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French forces kill Al-Qaeda leader Abdelmalek Droukdel

French forces claimed to have killed the leader of Al-Qaeda in the Islamic Maghreb, Algerian Abdelmalek Droukdel, in northern Mali, France’s defence minister said.

Droukdel was killed on Thursday near the Algerian border, where the group has bases from which it has carried out attacks and abductions in the sub-Saharan Sahel zone, Defence Minister Florence Parly said Friday.

Many close associates” of Droukdel — who commanded several affiliate jihadist groups across the lawless region — were also “neutralised”, she added.

Al-Qaeda in the Islamic Maghreb (AQIM) emerged from a group started in the late 1990s by radical Algerian militants, who in 2007 pledged allegiance to Osama Bin Laden’s Al-Qaeda network.

The group has claimed responsibility for a string of attacks on troops and civilians across the Sahel, including a 2016 attack on an upmarket hotel and restaurant in Burkina Faso, which killed 30 people, mainly Westerners.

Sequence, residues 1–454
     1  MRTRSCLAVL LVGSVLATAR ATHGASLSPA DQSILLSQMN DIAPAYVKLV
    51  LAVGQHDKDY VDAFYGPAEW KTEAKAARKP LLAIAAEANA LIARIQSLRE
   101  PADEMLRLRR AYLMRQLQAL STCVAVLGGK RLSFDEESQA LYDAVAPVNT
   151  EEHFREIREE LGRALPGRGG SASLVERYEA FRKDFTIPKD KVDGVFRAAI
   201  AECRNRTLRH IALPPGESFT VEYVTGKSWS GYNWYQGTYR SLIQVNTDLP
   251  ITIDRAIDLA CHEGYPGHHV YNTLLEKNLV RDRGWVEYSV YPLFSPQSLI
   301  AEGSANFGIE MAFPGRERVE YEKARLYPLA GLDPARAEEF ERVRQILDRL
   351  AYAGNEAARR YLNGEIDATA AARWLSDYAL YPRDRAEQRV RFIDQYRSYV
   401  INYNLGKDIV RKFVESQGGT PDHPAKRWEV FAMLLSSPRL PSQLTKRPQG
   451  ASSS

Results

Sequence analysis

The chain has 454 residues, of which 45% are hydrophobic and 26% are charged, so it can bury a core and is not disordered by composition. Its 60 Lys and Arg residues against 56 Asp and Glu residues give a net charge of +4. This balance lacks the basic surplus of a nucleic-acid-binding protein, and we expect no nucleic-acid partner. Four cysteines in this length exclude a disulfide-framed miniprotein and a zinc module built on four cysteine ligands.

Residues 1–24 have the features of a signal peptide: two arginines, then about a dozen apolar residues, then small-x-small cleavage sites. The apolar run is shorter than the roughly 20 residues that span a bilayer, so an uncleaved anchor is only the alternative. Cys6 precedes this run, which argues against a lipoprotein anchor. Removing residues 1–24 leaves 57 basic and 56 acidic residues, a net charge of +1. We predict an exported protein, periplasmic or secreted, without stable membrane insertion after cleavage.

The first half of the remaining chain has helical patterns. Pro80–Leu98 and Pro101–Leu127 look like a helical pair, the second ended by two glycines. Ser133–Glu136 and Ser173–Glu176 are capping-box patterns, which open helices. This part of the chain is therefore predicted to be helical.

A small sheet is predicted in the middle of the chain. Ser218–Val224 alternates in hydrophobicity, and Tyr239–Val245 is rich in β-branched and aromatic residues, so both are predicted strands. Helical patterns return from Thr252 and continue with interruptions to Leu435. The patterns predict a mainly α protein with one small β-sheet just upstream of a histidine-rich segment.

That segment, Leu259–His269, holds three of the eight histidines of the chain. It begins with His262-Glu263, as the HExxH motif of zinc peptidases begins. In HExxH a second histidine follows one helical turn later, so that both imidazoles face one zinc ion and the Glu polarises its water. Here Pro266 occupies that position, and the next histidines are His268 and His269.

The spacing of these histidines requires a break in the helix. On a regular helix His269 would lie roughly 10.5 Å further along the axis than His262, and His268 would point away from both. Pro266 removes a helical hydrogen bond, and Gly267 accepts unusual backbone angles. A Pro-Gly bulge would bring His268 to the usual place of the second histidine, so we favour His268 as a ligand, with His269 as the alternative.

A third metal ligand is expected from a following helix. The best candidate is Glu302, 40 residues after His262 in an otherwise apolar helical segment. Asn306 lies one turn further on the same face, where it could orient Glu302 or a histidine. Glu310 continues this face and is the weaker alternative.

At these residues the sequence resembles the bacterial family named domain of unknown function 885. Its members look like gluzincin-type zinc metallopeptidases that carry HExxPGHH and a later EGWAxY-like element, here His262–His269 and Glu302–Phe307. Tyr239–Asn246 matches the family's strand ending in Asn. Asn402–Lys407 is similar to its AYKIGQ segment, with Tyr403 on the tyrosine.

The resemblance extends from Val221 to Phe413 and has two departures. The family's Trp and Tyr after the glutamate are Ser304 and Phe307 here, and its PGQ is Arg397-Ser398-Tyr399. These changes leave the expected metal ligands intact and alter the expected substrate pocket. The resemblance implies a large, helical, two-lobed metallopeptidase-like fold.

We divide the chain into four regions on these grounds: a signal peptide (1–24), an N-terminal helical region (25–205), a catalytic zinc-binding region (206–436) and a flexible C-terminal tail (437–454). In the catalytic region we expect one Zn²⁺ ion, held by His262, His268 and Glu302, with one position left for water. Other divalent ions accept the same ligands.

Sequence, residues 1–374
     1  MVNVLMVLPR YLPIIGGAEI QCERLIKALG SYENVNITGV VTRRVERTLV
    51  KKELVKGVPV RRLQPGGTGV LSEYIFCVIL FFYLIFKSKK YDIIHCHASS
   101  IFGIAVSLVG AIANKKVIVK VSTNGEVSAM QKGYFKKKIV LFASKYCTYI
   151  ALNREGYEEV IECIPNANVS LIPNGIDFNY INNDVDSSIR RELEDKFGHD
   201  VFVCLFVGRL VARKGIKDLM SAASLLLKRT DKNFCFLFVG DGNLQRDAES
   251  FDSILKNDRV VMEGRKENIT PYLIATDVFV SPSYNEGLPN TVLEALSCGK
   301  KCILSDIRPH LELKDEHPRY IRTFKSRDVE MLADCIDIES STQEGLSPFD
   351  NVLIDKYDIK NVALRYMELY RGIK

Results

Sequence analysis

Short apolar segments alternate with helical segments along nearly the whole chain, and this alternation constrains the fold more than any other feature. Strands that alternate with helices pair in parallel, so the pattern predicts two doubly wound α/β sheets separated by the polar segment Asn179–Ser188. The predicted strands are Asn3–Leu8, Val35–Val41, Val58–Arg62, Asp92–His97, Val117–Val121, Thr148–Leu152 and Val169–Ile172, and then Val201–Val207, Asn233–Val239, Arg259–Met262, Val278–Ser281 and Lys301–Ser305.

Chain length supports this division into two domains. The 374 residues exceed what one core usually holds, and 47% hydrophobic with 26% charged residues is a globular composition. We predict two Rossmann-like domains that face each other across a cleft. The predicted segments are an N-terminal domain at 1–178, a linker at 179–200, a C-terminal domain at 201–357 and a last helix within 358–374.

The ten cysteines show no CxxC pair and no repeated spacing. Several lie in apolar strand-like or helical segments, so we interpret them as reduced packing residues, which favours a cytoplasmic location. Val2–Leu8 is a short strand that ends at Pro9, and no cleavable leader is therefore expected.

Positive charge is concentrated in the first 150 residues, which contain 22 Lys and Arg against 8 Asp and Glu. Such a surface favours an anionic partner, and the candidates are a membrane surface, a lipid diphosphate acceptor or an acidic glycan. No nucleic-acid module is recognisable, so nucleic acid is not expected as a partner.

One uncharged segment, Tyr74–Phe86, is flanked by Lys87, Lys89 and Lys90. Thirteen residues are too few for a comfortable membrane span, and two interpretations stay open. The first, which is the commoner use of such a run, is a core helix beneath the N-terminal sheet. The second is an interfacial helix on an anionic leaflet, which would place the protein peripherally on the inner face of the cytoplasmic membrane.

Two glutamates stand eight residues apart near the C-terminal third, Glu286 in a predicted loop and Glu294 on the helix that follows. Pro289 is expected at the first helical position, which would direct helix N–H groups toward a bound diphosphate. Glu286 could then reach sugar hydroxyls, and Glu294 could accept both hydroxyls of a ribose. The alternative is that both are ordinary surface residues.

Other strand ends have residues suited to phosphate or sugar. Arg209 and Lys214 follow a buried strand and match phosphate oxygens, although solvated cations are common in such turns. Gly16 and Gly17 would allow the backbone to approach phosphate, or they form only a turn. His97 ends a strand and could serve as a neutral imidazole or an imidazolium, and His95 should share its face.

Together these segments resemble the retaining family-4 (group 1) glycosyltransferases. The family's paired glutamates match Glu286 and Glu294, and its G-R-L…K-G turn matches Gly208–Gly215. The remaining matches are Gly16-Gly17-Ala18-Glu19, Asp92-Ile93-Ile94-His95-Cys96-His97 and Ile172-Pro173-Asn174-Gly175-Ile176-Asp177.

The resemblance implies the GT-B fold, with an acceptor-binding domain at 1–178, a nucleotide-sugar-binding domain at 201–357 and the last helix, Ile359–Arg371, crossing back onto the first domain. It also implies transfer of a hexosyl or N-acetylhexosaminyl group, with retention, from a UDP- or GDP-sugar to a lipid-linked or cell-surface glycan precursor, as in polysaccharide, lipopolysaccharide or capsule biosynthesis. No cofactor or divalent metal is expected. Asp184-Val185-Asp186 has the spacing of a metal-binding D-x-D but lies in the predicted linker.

France has deployed more than 5,000 troops to combat militant groups in the region — a largely lawless expanse stretching over Burkina Faso, Chad, Mali, Mauritania and Niger, where drugs and arms flow through porous borders.

According to the UN, Droukdel was an explosives expert and manufactured devices that killed hundreds of civilians in attacks on public places.

He was sentenced to death in Algeria in 2013 for his involvement in the bombings of a government building and offices of the UN’s refugee committee in Algiers that killed 26 people and wounded 177.

The US said it had provided intelligence to help track down Droukdel.

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